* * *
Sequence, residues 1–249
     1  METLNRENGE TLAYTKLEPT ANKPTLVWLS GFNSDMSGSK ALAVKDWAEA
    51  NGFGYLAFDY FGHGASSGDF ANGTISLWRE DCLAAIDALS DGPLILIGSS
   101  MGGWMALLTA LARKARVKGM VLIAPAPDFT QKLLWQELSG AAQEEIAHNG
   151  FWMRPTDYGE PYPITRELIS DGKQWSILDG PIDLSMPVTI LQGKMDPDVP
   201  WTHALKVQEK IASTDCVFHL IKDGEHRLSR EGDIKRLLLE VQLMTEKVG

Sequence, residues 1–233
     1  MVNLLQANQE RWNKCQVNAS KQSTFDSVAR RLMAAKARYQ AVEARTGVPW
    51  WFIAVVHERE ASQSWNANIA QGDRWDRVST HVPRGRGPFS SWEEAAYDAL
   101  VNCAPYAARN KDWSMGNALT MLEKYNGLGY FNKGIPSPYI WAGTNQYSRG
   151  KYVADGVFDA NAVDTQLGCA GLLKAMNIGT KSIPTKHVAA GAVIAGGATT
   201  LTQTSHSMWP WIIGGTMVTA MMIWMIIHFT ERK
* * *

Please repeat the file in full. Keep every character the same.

Sequence, residues 1–249
     1  METLNRENGE TLAYTKLEPT ANKPTLVWLS GFNSDMSGSK ALAVKDWAEA
    51  NGFGYLAFDY FGHGASSGDF ANGTISLWRE DCLAAIDALS DGPLILIGSS
   101  MGGWMALLTA LARKARVKGM VLIAPAPDFT QKLLWQELSG AAQEEIAHNG
   151  FWMRPTDYGE PYPITRELIS DGKQWSILDG PIDLSMPVTI LQGKMDPDVP
   201  WTHALKVQEK IASTDCVFHL IKDGEHRLSR EGDIKRLLLE VQLMTEKVG

Sequence, residues 1–233
     1  MVNLLQANQE RWNKCQVNAS KQSTFDSVAR RLMAAKARYQ AVEARTGVPW
    51  WFIAVVHERE ASQSWNANIA QGDRWDRVST HVPRGRGPFS SWEEAAYDAL
   101  VNCAPYAARN KDWSMGNALT MLEKYNGLGY FNKGIPSPYI WAGTNQYSRG
   151  KYVADGVFDA NAVDTQLGCA GLLKAMNIGT KSIPTKHVAA GAVIAGGATT
   201  LTQTSHSMWP WIIGGTMVTA MMIWMIIHFT ERK